Hence, it’s important the engineering team understands the cost implication of different product development decisions they make.

Figure 2 – Cost shared business model.

To expand cost management responsibility, the business and engineering teams must collaborate to create a business model. Your business model should prioritize offerings aligned with overall business goals while considering cost as one of the primary inputs. Other relevant data should also be considered to understand the overall benefits.

For a new offering, since cost data will not be available until the offering is in the market, consider estimated cost as the input for your business model. Your engineering team needs to provide estimated cost data, and the offering list should be reprioritized based on predicted outcomes from the business model. Your business and engineering teams should collaborate in this reprioritization process.

Once actual cost data is available, your business model can be updated, and the business can re-evaluate its prioritization process to identify the offerings that provide optimal justification for the overall business goals.

By collaborating and using a business model that incorporates cost as an input, both your business and engineering teams can efficiently expand their responsibility for cost management, leading to more informed decision-making and improved cost visibility.

Cost Data to Bridge Tech and Business

A shared responsibility for cost means changes to the processes your technical teams follow; specifically, changes designed to include business teams on those processes. Let’s examine some technical teams’ processes and how those can evolve to include cost analysis processes.

Software lifecycle processes often start with customer input or feature requests. Your teams prioritize features and then go through design planning to decide what to build and the right architecture. Once the feature is ready, you deploy it out to production and you operate it.

Then you continue to iterate over that feature. You review the architecture, look at how it’s performing, review your metrics, and go back and design and develop again. That iterative process is important to how you develop quality highly functional features.

Figure 3 – Software lifecycle process.

When it comes to cost, you need to inject another iterative process into your software lifecycle–feature cost analysis. Commencing from the design phase, it’s important to initiate cost considerations within your planning discussions. The cloud architect publishes estimates and works with their business counterparts to establish that the estimates align with how your customers value a given feature.

This is where your development process starts to evolve. The process requires sign-off from your finance and product owners. While rough estimates are never accurate, they provide an early opportunity for finance to adjust budgets and allows the product team to test the value of the feature against its expected cost.

While estimates are useful, real business insight is derived from data. Your SaaS solution needs to emit metrics about feature operating cost. Those cost metrics will feed back into this feature cost analysis process, where you can analyze what the cost is to actually operate them in production.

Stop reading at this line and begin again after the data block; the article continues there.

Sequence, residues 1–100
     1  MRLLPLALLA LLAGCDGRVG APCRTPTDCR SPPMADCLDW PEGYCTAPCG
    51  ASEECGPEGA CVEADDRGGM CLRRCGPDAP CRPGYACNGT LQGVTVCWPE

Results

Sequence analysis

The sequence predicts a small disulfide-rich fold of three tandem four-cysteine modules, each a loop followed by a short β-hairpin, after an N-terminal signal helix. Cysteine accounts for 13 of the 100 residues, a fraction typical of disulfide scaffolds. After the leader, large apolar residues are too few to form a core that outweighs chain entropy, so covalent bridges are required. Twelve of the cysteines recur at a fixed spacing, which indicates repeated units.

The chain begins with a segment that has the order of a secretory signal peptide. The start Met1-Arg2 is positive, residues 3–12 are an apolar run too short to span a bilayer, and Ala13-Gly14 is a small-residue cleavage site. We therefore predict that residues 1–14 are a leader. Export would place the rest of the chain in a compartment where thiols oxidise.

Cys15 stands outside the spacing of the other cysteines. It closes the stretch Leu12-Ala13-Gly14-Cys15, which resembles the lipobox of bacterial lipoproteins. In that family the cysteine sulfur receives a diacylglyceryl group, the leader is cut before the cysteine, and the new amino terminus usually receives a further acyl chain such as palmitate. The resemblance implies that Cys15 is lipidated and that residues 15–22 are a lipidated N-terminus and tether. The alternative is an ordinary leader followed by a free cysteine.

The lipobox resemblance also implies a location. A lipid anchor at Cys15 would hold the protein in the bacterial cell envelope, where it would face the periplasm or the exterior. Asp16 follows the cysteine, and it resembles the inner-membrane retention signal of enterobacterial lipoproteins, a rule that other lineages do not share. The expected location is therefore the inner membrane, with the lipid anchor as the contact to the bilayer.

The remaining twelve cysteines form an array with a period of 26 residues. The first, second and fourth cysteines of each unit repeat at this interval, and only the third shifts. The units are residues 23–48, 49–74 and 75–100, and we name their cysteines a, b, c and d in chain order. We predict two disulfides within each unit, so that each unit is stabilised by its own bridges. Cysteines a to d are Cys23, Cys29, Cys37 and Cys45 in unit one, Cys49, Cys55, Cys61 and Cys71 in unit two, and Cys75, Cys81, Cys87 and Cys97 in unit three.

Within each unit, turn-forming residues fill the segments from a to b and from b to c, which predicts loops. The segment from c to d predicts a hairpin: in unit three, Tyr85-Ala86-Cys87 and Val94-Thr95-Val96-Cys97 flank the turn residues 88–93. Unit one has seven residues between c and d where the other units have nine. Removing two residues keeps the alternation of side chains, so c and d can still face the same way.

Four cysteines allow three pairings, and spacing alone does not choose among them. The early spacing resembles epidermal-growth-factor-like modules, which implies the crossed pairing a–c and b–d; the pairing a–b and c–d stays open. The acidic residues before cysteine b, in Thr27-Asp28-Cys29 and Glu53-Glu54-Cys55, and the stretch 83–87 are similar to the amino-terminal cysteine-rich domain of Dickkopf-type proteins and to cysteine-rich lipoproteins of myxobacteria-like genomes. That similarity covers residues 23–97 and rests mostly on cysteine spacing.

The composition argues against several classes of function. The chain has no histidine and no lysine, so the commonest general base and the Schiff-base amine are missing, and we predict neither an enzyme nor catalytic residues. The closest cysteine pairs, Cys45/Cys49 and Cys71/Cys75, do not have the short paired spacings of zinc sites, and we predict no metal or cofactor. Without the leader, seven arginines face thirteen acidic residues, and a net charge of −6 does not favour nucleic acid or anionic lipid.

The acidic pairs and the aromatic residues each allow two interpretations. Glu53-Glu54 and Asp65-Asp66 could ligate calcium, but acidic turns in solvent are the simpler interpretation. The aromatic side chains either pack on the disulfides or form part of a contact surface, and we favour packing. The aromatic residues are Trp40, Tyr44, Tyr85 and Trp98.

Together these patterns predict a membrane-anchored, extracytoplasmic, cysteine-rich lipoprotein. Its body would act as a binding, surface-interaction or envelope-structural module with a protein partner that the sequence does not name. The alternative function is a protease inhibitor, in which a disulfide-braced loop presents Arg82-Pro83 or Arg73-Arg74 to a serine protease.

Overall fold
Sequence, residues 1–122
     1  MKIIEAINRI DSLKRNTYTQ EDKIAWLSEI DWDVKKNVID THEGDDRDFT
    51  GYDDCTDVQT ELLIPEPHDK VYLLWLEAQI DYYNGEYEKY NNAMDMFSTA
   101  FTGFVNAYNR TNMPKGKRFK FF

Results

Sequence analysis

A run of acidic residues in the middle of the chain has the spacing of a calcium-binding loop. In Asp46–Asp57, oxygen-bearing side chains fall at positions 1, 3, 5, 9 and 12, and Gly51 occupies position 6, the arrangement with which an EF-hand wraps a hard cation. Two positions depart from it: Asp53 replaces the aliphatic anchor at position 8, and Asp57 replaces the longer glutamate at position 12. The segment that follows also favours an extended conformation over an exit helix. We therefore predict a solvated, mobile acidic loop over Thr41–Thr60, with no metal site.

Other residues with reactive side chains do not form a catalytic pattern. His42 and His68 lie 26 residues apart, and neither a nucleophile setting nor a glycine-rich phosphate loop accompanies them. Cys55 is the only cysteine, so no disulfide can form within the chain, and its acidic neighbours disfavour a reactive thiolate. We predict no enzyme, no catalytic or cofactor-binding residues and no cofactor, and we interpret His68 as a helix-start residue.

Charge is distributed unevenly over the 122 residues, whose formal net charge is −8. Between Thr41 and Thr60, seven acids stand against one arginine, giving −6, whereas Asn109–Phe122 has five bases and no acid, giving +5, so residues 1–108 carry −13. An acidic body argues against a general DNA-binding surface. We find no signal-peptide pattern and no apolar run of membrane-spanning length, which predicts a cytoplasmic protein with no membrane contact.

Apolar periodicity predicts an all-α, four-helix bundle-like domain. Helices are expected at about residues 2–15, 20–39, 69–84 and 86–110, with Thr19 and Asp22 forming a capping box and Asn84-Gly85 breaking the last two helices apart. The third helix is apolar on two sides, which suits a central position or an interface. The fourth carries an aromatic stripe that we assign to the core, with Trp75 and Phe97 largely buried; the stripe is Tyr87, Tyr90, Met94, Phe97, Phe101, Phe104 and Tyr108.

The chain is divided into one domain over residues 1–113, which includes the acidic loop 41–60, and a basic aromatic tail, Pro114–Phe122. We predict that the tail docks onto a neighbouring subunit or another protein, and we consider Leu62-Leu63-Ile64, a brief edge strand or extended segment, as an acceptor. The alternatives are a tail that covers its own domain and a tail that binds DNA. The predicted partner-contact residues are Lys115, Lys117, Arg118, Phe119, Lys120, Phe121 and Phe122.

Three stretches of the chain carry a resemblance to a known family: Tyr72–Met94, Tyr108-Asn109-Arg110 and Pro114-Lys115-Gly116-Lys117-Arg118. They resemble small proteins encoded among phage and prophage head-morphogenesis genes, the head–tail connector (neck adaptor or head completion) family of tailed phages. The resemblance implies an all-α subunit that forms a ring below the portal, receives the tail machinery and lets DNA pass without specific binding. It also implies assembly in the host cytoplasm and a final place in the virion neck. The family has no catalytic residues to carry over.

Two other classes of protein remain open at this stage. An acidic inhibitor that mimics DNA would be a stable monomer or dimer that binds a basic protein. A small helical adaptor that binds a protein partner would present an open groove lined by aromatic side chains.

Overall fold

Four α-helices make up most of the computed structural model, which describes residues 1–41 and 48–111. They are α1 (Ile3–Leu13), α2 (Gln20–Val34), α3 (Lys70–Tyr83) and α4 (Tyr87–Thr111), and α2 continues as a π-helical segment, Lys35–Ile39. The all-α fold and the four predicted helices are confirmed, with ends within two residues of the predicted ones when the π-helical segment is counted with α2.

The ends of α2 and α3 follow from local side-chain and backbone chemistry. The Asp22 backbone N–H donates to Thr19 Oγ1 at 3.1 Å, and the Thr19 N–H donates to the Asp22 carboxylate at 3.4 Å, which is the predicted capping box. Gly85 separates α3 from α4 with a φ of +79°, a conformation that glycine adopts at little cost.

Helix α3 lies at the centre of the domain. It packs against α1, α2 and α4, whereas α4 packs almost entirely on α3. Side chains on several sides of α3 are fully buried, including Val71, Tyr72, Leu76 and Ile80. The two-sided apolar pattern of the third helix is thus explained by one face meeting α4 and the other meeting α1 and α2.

You iterate on cost not just from a feature basis, but also on a tenant and tier basis. The combination of those three different crosscutting metrics helps the business to understand the core unit costs of your solution.

The process of estimating, gathering cost metrics, and continually revisiting feature cost analysis is the core of the cost culture you need to create. It aligns the technical, finance, and product decision makers into a single team that collaborates and is involved throughout or development process.

Product teams are no longer discovering features cost aren’t aligned with packaging after it’s already been deployed. Think about the estimation with the business, do cost metrics, and continue to analyze those costs as a team to make sure you have clear visibility into what it means to operate the features you’re building.

Using Cost to Revisit Pricing and Packaging

One of the most important inputs for pricing and packaging is the value your offering provides to your customers. However, pricing decisions are optimized if it’s also complimented with cost data. Focusing on feature cost allows you to rethink your tiering decision.

To further explain, pricing tiers can sometimes get unbalanced, with certain tiers creating a lot more revenue. You can shift features between tiers based on both their cost and overall revenue. Moving features into higher tiers is one lever SaaS businesses can utilize, re-architecting to better align cost with the business value is another.

When feature cost data is combined with revenue data, you can quickly identify the profitable tier vs. the tier that’s at risk of high churn rates, as customers may only adopt certain features to remain in lower pricing tiers while premium tiers are underutilized.

Clearly, cost-per-feature not only supports you in setting your profitable price points, but it helps you to identify which features to include in which tier, determine customer value, and position tiers competitively in the market.


A cost-aware culture empowers you to make a value-driven decision while adapting to dynamic market needs. Teams align on business priorities, technical requirements, and the financial implication of each feature as they are developed. A cost-aware culture is not a one-time activity but an iterative data-driven approach. The culture is richer and enhanced when it’s practiced on a daily basis.

As a SaaS leader, you can gain sustainable growth, maximize resource efficiency, and drive long-term financial success by developing a cost-aware culture. Start rethinking how you manage your cost and collaborate with Amazon Web Services and the Amazon Web Services Partner community to grow your SaaS business.

About Amazon Web Services SaaS Factory

Amazon Web Services SaaS Factory helps organizations at any stage of the SaaS journey. Whether looking to build new products, migrate existing applications, or optimize SaaS solutions on Amazon Web Services, we can help. Visit the Amazon Web Services SaaS Factory Insights Hub to discover more technical and business content and best practices.